Wow...Easter's coming early this year. With Lent starting on Valentine's Day and Easter Sunday coinciding with April Fool's Day, we've got all our holidays mixed up.
Every family has Easter traditions, and our family has ours. Unfortunately, since my sister and I are growing up, we're too big for a lot of them. For the first time this year, we're not decorating eggs. I'm a crafty type-and by crafty I mean creative rather than cunning--and when I realized that egg decorating could be more than dyes that never came out right and stickers that never quite stuck, I was ecstatic. Suddenly, eggs became works of art. I'd draw designs on them with white crayons before dying them. Some were two different colors. It might not have been perfect, but it was nice.
We might have ditched the Easter eggs, but I'm still going to hold out for sugar cookies come Christmas. They taste way better than hardboiled eggs.
I guess I've never really stopped to wonder why people decorate eggs for Easter. What's so special about them? Does the egg symbolize something? Why are the colored? Can a special combination of colors represent a secret code? That sounds interesting....who wants to read a mystery book in which the two detectives communicate via the arrangement of Easter eggs in a basket? It's like the language of flowers--but with eggs.
Speaking of flowers, do you decorate your house for Easter? We have a family of bunnies--fake ones, of course, wearing matching pink dresses. There's a mom, a big sister, a little sister, and a baby. I've always wondered what happened to the dad. I look at the mama bunny, with the baby sewn into her arms (and usually hanging by a thread, because they're old bunnies), and the responsible older sister with the basket of flowers, and the younger sister who's wearing a ballerina tutu, and my writer brain starts rolling.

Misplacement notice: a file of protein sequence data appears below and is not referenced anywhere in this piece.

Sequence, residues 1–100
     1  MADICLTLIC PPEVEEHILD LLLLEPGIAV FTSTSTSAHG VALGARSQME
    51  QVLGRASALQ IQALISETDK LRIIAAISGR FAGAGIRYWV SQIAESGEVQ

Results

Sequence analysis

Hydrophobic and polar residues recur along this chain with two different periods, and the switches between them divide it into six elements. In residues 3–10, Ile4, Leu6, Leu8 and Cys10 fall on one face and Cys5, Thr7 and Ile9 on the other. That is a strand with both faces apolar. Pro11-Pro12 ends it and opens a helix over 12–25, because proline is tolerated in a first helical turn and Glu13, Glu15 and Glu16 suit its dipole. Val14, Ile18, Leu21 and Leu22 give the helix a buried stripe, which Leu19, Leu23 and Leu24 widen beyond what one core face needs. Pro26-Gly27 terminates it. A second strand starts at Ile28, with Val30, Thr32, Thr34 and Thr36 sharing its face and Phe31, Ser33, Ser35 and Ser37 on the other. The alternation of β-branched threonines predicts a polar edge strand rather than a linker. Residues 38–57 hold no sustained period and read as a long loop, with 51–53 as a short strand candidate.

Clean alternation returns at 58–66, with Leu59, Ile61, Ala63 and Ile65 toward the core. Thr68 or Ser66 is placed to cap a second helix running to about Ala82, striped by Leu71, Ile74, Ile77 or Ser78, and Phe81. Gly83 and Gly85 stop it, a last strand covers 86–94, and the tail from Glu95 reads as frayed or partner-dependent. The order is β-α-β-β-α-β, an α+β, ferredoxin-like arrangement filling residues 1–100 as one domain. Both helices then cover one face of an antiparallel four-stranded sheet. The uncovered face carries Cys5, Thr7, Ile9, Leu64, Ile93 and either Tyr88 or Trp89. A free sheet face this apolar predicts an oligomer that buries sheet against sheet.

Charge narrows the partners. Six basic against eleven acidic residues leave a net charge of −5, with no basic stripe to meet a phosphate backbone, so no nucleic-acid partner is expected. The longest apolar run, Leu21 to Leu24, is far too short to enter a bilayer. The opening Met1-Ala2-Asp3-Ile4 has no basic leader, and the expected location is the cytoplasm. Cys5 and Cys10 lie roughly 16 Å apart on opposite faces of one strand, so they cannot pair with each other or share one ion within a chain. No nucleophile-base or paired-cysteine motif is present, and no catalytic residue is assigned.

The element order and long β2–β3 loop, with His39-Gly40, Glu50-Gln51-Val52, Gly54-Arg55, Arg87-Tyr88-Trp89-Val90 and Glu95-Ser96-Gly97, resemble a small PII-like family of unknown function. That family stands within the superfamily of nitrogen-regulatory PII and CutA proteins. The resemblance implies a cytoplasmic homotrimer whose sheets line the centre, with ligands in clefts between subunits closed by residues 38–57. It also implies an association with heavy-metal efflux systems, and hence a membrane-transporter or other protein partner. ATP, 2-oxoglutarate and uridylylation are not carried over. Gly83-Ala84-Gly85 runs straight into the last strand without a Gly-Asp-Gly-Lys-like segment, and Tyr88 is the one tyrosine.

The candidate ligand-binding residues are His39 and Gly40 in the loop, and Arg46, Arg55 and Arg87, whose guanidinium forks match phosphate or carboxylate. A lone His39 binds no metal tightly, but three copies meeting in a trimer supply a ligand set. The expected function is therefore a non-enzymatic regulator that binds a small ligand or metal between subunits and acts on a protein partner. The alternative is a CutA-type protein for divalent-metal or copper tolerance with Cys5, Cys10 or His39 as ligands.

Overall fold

We haven't put our Easter bunnies out yet. I don't know if we're going to.
And then there's that grass. The grass that goes in the egg baskets. It's not even worth it, because it gets absolutely everywhere. I had a friend growing up whose bedroom carpet was always covered in Easter grass. Always. It didn't matter if it was April or August, you'd find a stray bit of annoying plastic in her carpet.
No! Get it away! My carpets! My vacuum! Argh!
And now, if I can pry my eyes away from the most annoying substance this planet has yet created (unless it's second to whistles designed for young children), I can focus on the good things about Easter. See, there's more to holidays than just traditions. Most of them were created for reasons. Easter is arguably the most important holiday in the Christian religion, because Easter Sunday is the day Jesus rose from the grave. Without the resurrection, there's no possibility for salvation and really no reason to be a Christian.
And that's the thing about Easter. Just like most other holidays, it's been commercialized. People hear the word "Easter" and think of chocolate, bunnies, and annoying plastic grass. But they don't think about Jesus--or not much, at least--and the light, the hope, the joy that He brings to us. Because if the same power that raised Christ from the dead lives in us, there isn't a darn thing that can prevent us from living the lives God has planned for us. Not poverty, sickness, circumstances, loss, or emotions. Not even that darn Easter grass.
What's your favorite Easter tradition? And when, since Easter falls on April 1, are you celebrating April Fool's Day? Let me know in the comments below! God bless you, dear reader, and don't forget to Like us on Facebook!
M. J. Piazza is a Jesus-loving, dog-walking country girl who just so happens to write books.